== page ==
Democratic Lawmakers Dave Hansen and Eric Genrich to host event. Will listen to public testimony from local residents on the State Budget.
GREEN BAY, WI - With the State Legislature preparing to begin debate on the 2017-19 State Budget, a group of Democratic lawmakers led by Rep. Eric Genrich (D-Green Bay) and Sen. Dave Hansen (D-Green Bay) will host a Budget Listening Session on the UW-Green Bay campus this Saturday, April 8th. Rep. Genrich and Sen. Hansen will be joined by other Democratic lawmakers from across the state and will listen to public testimony from local residents on the State Budget which will be debated before the full legislature later this spring.
Additional details can be found below:
WHAT: Democratic Budget Hearing
WHERE: UW-Green Bay, Christie Theatre, 2420 Nicolet Drive, Green Bay, WI 54311
WHEN: Saturday, April 8 from 10:00 AM – 2:00 PM
This event is open to members of the public and the press. In addition to listening to testimony from members of the public, legislators will make themselves available to the press as needed to discuss the State Budget.
Senate passage Wednesday of SB 76 on High Capacity Well regulation considered a defeat for our proud tradition of environmental protection.
MADISON – In a particularly destructive move for Wisconsin small farmers, property owners, boaters, and fishermen, the Senate voted 19-13 on Wednesday to approve SB 76 to relax high-capacity well regulations. The bill is considered another giveaway to powerful corporations and corporate farms and a defeat for our proud tradition of environmental protection.
“Today Democrats in the State Legislature stood up for farmers, neighbors, outdoor enthusiasts, and those who depend on clean well water to live," said Senator Chris Larson in a statement. "Republicans betrayed the public by siding with special interests bent on profiting from controlling access to Wisconsin waters."
This Republican water grab will end over 150 years of water predictability. The founding vision of the public trust doctrine led to our shared waters shaping our state’s traditions, economy, recreation, and identity. Our rich history has been shaped by the deep value that we have a fundamental right to clean water. This is true for all, from the small farmer to the child enjoying a cool beach on a hot Wisconsin summer day. Each of our neighbors deserves the predictability of fair access to our shared, public waters and that they will remain accessible for generations to come.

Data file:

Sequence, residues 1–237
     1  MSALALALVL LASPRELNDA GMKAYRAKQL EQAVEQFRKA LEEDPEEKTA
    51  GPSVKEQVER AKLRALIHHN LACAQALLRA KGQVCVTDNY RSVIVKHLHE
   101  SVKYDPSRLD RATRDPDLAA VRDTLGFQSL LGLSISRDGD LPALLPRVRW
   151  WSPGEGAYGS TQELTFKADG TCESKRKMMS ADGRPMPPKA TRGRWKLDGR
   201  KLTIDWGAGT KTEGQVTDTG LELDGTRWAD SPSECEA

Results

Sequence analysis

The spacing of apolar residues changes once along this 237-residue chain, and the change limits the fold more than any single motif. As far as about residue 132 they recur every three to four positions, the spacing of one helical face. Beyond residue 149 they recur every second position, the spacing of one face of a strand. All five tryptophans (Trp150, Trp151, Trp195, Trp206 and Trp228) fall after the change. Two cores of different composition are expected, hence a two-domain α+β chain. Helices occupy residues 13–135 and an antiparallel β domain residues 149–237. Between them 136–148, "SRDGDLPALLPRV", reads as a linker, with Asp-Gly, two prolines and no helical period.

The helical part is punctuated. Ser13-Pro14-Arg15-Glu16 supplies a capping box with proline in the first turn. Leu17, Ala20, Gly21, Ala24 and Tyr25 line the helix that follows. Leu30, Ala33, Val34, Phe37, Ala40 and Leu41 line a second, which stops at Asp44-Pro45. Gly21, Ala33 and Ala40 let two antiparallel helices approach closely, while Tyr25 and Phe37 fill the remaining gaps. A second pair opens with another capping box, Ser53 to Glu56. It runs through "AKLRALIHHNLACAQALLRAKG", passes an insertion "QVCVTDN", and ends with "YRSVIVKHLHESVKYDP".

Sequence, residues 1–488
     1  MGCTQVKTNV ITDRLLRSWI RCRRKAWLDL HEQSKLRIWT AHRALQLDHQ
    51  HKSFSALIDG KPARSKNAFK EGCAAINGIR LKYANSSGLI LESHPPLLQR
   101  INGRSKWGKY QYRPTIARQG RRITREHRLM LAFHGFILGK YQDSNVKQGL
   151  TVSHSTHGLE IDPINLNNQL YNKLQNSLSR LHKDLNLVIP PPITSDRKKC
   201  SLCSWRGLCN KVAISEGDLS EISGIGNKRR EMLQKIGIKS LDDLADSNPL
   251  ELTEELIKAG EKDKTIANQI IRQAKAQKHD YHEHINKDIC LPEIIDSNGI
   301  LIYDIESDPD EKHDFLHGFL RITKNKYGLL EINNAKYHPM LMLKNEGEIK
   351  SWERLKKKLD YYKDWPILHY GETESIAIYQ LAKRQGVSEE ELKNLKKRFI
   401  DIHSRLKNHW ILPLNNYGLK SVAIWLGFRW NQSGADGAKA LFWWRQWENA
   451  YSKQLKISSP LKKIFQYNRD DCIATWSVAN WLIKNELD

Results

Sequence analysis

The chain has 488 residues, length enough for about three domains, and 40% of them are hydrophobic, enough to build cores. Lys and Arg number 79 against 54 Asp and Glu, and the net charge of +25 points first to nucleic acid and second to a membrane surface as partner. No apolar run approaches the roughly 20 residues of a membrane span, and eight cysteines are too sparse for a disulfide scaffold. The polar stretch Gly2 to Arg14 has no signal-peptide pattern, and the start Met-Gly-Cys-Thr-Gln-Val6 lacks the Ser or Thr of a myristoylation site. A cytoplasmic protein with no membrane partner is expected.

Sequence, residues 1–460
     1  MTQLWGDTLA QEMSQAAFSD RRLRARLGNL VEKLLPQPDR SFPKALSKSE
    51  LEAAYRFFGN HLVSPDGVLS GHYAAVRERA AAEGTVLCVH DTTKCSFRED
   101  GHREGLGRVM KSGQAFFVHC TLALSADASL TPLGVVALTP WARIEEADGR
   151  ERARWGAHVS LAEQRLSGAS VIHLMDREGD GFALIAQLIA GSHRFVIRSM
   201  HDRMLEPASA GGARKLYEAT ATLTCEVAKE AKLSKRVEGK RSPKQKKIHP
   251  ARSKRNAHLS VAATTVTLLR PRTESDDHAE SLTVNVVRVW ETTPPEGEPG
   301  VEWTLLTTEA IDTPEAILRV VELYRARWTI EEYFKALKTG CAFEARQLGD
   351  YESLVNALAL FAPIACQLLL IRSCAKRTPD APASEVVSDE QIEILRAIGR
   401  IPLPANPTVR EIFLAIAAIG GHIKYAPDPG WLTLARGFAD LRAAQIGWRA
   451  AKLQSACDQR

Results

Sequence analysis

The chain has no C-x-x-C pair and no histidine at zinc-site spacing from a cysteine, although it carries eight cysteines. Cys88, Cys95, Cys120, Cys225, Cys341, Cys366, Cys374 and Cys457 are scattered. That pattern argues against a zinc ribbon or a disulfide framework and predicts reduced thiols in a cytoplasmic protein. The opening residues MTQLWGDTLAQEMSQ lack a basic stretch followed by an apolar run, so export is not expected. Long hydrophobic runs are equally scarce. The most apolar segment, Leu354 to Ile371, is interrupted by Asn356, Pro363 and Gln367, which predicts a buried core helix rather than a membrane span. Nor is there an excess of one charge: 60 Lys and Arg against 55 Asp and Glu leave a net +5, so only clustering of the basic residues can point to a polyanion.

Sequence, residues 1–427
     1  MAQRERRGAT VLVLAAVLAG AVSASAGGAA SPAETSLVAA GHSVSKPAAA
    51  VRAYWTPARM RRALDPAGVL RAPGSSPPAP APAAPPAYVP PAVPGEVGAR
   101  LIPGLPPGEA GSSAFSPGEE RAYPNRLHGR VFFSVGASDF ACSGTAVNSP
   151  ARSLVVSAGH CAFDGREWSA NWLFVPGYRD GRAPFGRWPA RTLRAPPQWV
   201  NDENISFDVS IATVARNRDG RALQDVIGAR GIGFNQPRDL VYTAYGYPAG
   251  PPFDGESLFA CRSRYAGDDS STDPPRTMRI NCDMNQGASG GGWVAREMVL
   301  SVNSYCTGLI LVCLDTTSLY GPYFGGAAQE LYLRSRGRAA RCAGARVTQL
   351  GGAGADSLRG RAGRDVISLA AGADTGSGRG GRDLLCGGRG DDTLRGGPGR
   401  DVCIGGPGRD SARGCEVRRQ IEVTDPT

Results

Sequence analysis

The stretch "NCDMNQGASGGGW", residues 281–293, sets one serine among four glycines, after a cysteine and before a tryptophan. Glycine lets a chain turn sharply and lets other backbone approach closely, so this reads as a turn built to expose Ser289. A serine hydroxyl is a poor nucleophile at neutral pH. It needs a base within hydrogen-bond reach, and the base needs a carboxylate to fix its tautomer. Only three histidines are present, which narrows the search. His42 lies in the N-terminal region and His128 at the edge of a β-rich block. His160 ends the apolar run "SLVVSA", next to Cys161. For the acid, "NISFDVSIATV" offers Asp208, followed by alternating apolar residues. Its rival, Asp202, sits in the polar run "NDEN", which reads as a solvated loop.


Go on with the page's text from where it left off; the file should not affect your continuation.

“Today’s rushed bill passage comes after the alarming news last summer that Walker's Wisconsin Department of Natural Resources quietly moved to ignore the public trust doctrine, using the political opinion of Republican Attorney General Brad Schimel to cease evaluating the negative cumulative impacts of drilling new high capacity wells," continues Larson. "Further, under Walker’s administration, there have been no high-capacity well permits denied."
Wisconsin Republicans continue to play pay-off politics with our water, allowing for a flood of high-capacity well permits to be approved, leaving our water depleted and unprotected. SB 76 eliminates a crucial check and favors whoever has the most money to dig the deepest well, leaving their neighbors barren and dry.
“The passage of this destructive bill is a painful reminder that while Democrats are fighting for greater opportunity for our neighbors and communities, Republicans are giving away our future," concludes Larson. "Wisconsin must reclaim our tradition of protecting our shared lands and waters.”
Written by Democratic Party of Wisconsin, Brandon Weathersby
Wednesday, 05 April 2017 13:01
Progress has been made since the Equal Pay Act of 1963, but it's unacceptable that in 2017 women still lose wages to discrimination and have less money than their male counterparts.
MADISON - The following is the statement of Democratic Party of Wisconsin Chair Martha Laning on Equal Pay Day marking how far into the year women have to work to earn as much as their male counterparts made the previous year:
"We've made much progress since President John F. Kennedy signed the Equal Pay Act in 1963. On the 21st anniversary of Equal Pay Day, we recognize that we still have a long road ahead to eliminate the general pay gap.
"In Wisconsin, women make 78 cents for every dollar men make and the gap is even larger for women of color. Among the women in our state who hold full-time, year-round jobs, African-American women are paid 62 cents, Latinas are paid 53 cents and Asian women are paid 64 cents for every dollar paid to white, non-Hispanic men.
"It's unacceptable that in 2017 women still lose wages to discrimination and have less money to save for their future or to spend on basic goods and services in their community.
"The bottom line is that women should always receive the same pay when they do the same work as a man. This is a matter of basic fairness. We have to give everyone in our state the opportunity to be successful. That's why I'm proud Democrats continue to work towards eliminating the gender pay gap. Working women in our state, and across the nation, deserve a fair shot at the American dream."